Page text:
programming help question

Discussion in 'Mac Programming' started by austin908, Apr 19, 2009.

  1. austin908 macrumors newbie

    Joined:
    Apr 19, 2009
    #1
    Hi,
    I was wondering when I
    move to mac programming should I get a MacBook and keep my pc? and is there any way I can get a free macbook as a mac programmer? How long should I spend on c, c++, and c# before moving to mac programming? When I program cocoa will I still program c or any of the c's?
    austin908 is offline Reply With Quote
     
  2. WhiteRabbit macrumors newbie

    Joined:
    Jan 11, 2005
    #2
    A PC is not necessary for Mac programming.
    If you are employed, you employer probably should provide you with a Mac if they expect you to churn out code. Otherwise, you'll need to invest in your own needs.
    Cocoa uses neither C++ or C#. You need not learn either.
    Only a moderate knowledge of C is required.
    Objective C is not backward compatible with C.
     
  3. kainjow Moderator emeritus

    kainjow

    Joined:
    Jun 15, 2000
    #3
    Objective-C is a superset of C, so everything you can do in C you can do in Obj-C.
     
  4. gnasher729 macrumors P6

    gnasher729

    Joined:
    Nov 25, 2005
    #4
    I'll put it a little bit stronger: Take any C source file, rename it from "xxx.c" to "xxx.m", and you have a perfectly fine Objective-C file. Take any C++ source file, rename it from "xxx.cpp" to "xxx.mm", and you have a perfectly fine Objective-C++ file (the latter is handy if you have an existing C++ code base and want to add a few Objective-C things to it).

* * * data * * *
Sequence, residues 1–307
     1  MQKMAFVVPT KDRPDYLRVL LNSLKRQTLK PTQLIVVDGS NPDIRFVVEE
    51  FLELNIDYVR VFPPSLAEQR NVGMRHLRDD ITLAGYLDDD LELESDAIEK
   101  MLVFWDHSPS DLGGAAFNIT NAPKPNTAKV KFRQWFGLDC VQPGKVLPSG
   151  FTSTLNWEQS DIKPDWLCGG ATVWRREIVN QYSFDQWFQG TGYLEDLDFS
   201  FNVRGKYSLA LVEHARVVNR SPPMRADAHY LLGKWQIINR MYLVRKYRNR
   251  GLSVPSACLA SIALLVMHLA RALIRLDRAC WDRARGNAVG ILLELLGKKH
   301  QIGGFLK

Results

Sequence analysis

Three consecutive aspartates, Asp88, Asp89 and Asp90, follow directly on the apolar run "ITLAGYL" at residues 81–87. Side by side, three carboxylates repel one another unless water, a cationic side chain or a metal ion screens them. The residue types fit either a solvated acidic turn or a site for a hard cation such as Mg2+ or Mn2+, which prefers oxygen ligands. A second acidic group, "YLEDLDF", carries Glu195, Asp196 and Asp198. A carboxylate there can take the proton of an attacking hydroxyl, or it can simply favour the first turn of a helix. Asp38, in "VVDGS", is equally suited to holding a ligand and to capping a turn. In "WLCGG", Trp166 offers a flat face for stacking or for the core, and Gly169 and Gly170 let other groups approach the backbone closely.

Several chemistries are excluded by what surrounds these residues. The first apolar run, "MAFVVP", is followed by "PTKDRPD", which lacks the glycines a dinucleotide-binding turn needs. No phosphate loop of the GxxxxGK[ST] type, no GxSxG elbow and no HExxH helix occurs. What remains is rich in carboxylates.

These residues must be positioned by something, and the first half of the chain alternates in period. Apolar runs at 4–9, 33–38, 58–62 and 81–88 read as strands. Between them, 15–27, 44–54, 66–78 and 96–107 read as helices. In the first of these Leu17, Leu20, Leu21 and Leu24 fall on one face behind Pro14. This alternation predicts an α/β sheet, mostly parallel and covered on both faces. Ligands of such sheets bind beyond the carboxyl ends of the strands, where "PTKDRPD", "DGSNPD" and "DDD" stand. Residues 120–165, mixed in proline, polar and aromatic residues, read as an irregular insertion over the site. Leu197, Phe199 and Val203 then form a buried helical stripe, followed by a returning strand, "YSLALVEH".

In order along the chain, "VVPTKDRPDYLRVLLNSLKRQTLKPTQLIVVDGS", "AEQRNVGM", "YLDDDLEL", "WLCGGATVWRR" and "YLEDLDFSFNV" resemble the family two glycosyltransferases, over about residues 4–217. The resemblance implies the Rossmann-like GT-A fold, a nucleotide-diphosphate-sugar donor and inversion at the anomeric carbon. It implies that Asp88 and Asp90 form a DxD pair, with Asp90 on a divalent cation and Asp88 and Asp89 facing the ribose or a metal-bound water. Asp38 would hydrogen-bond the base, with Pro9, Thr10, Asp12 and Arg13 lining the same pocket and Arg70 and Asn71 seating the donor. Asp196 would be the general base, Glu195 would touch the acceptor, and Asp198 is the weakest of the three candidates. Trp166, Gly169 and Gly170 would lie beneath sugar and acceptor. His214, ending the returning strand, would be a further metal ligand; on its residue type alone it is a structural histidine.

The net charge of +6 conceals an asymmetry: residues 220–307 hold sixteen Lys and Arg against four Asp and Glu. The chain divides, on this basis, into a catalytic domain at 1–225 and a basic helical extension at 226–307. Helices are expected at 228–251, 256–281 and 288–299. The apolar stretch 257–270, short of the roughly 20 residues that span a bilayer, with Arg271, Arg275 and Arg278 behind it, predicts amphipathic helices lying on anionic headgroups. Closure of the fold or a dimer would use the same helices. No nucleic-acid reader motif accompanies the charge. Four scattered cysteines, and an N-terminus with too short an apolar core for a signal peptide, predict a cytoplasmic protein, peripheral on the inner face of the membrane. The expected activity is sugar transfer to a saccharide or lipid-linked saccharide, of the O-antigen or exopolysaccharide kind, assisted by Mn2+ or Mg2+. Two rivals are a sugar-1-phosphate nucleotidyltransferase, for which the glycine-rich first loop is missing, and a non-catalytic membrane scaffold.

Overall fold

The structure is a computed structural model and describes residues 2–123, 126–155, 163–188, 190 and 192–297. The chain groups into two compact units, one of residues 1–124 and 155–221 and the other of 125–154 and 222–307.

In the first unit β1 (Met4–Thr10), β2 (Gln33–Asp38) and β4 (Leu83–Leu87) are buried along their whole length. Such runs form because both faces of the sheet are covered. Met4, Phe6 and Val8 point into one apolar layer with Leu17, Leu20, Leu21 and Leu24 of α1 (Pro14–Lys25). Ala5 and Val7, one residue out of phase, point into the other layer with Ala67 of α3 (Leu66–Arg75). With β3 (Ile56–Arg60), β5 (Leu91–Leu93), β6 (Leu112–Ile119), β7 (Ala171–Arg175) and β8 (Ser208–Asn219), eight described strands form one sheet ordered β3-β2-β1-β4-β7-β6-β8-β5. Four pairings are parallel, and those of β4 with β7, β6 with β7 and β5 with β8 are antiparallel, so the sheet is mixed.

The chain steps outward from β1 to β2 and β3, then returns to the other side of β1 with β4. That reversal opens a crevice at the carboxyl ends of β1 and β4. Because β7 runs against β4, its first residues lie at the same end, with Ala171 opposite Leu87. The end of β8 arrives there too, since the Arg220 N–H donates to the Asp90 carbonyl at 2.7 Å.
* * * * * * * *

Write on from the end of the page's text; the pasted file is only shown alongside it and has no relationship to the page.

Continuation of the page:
5. WhiteRabbit macrumors newbie

    Joined:
    Jan 11, 2005
    #5
    I meant it the other way round. Obj won't compile as C code to answer my interpretation of the question: will my code still work on pc.
     
  6. austin908 thread starter macrumors newbie

    Joined:
    Apr 19, 2009
    #6
    programming

    Hi,
    I was wondering whats the point of learning all the languages like c,c#, c++, python, objective-c, objective-2 2.0, coca, scheme, hasketall. Why isnt there just one language that can do everything. Why should I learn whole different languages?
    Well I am only 12 years old so I have a lot of time to learn them. If I want to be a successful programmer and start my own successful company one day. If I am programming in c then cocoa aren't I going to forget things. why are there so many c's. Why not just one c???
    I hope someone can help me?


    Lastly, if I am going to learn everyone of those then should I buy books. I already have a lot of books covering c, c++, ect. Should I get the biggest book? What if I get a small one? THen I wont know all about it?

    Thank you!!!
     
  7. Chirone macrumors 6502

    Joined:
    Mar 2, 2009
    Location:
    NZ
    #7
    one you've learned one the rest are easy.

    the reason why there are so many is because most of them are built for different things

    also, people who weren't happy with how you would code in c++ said 'you know what? i'm going to do something better/worse' and BAM you have objective C